This will leave the United States with a bleak choice between escalation (and deterrence based on Chinese fear of escalation) and acquiescence to a rising China. Escalation is inherently risky and could lead to nuclear war, and the latter cedes American power and hands to China precisely what it may wish to achieve with its growing military might.
The throwback to bipolar strategic logic will seem anachronistic to some but is arguably a helpful refresher on just what a rising China will mean with respect to our military preponderance in the Asia-Pacific region. Unfortunately, especially without a renewal of the American economy in the years ahead, the United States’ options for dealing with these challenges are somewhat underwhelming.
The authors focus on three ideas: economic interdependence, building partnership capacity, and drawing China into more cooperative security endeavors. All of these are unobjectionable and sound general activities to be undertaken. The high degree of economic interdependence is certainly a barrier to conflict. As one leading Chinese scholar recently told me, "We are not worried about military tensions provided China stays on track to become your largest trading power." But it would have been useful if authors had also considered how such strong economic ties could make it seem safer to conduct a balance of power competition, as geopolitics and globalization coexist.
The second notion of building partnership capacity is worthwhile. However, it also has serious limits, because every nation in the region wishes to avoid offending a rising China that is also its largest or second largest trading partner. It is easier for Vietnam to buy Russian Kilo-class submarines than front-line American hardware. Similarly, note that U.S. military transfers to the Philippines have thus far been limited to a 1960s-era Hamilton class Coast Guard cutter). As with pressure on U.S. arms sales to Taiwan, China may well believe that over time it can demand reduced U.S. military cooperation with its neighbors.
The authors also call for modifying the U.S.-China strategic relationship. That is fine, too, but before one does that, it’s worth reflecting on whether any coherent framework exists and, if so, whether that framework is genuinely shared across policy elites even within the current administration. It is here that the authors’ call for persuading China to buy-into a more cooperative relationship in the region is sensible if not all that compelling (and ultimately the test is whether such reasoning is compelling to the Chinese, not other Americans). At a minimum, we should not delude ourselves into thinking that China will embrace our pivot to Asia if only we invite China to join in more multilateral security ventures. Chinese leaders are simply apt to see any strengthening of America’s role in the region as antithetical to their national interests. As my colleague Robert Kaplan has written, the Indo-Pacific region is witnessing a triumph of realism.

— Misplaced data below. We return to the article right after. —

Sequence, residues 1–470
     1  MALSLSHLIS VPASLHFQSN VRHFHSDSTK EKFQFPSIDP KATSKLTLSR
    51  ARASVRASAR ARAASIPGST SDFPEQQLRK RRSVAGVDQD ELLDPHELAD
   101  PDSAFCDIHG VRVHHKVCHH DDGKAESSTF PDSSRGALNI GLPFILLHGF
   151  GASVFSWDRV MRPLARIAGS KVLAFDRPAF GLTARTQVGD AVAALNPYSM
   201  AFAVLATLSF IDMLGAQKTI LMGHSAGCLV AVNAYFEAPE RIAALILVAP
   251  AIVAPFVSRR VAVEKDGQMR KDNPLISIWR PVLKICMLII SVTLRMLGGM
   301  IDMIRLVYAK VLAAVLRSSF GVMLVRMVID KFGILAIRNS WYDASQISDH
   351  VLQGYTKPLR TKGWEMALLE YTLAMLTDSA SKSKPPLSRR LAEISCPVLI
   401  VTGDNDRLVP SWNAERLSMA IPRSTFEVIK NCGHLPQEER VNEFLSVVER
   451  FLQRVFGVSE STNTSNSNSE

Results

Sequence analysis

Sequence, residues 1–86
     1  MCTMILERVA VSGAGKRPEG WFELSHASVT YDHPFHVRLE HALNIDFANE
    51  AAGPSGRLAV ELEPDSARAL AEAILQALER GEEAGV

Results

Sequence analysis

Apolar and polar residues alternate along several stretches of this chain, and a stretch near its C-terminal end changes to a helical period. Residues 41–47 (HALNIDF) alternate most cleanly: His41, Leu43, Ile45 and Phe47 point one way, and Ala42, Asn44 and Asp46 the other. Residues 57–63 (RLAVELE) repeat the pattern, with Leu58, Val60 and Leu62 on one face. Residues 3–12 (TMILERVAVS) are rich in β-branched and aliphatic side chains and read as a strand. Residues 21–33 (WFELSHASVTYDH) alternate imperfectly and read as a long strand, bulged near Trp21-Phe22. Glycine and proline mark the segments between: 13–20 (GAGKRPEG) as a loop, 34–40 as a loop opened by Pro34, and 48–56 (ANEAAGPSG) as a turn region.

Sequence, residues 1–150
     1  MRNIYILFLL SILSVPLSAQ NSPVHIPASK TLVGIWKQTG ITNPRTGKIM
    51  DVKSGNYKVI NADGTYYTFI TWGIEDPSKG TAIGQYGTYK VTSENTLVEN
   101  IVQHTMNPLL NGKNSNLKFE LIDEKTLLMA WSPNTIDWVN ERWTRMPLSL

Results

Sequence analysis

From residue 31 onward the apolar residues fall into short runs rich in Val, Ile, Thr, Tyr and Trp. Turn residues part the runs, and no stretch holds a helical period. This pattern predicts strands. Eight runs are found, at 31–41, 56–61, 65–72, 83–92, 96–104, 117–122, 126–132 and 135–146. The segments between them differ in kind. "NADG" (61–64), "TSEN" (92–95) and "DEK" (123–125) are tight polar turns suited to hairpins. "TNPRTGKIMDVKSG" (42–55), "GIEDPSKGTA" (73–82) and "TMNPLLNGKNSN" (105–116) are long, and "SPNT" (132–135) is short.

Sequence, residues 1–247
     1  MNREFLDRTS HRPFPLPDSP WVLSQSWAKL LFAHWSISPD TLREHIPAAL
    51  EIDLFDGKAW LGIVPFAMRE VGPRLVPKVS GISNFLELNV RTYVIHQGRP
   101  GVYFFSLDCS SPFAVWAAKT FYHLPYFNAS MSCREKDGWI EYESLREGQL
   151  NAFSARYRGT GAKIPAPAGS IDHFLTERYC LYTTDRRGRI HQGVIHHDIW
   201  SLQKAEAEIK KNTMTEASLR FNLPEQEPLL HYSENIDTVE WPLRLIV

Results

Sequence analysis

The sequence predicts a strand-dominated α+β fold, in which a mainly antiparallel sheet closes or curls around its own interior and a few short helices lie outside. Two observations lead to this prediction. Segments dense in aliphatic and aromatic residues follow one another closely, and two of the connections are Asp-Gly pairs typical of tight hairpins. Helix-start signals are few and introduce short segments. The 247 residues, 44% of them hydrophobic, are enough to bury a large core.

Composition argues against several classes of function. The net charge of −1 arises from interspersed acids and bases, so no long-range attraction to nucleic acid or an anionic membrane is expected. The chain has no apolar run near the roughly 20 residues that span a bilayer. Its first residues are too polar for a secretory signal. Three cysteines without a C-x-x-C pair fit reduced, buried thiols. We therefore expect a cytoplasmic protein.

In sum, the idea of mutual economic assured destruction, investing in partners, and cooperative security are at best necessary but insufficient elements of a strategy. They hardly seem a substitute for the kinds of new forces and operational adaptations implied in the report’s analysis. Economic cooperation alone is insufficient to bar the outbreak of hostilities. So, we can agree with the authors that while the likelihood of conflict between the United States and China should not be exaggerated, neither should it be summarily dismissed. The distillation of the authors’ thinking incorporated into this useful paper should be a starting point for deeper analysis.